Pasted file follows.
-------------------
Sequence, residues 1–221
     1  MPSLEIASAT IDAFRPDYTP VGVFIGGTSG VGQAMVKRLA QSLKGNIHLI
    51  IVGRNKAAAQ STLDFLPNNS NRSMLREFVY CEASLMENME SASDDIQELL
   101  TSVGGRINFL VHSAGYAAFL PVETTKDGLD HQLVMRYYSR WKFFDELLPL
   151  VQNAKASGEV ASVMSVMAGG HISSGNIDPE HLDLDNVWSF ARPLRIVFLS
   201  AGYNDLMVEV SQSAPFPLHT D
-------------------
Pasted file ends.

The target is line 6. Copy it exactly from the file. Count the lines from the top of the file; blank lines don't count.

   201  AGYNDLMVEV SQSAPFPLHT D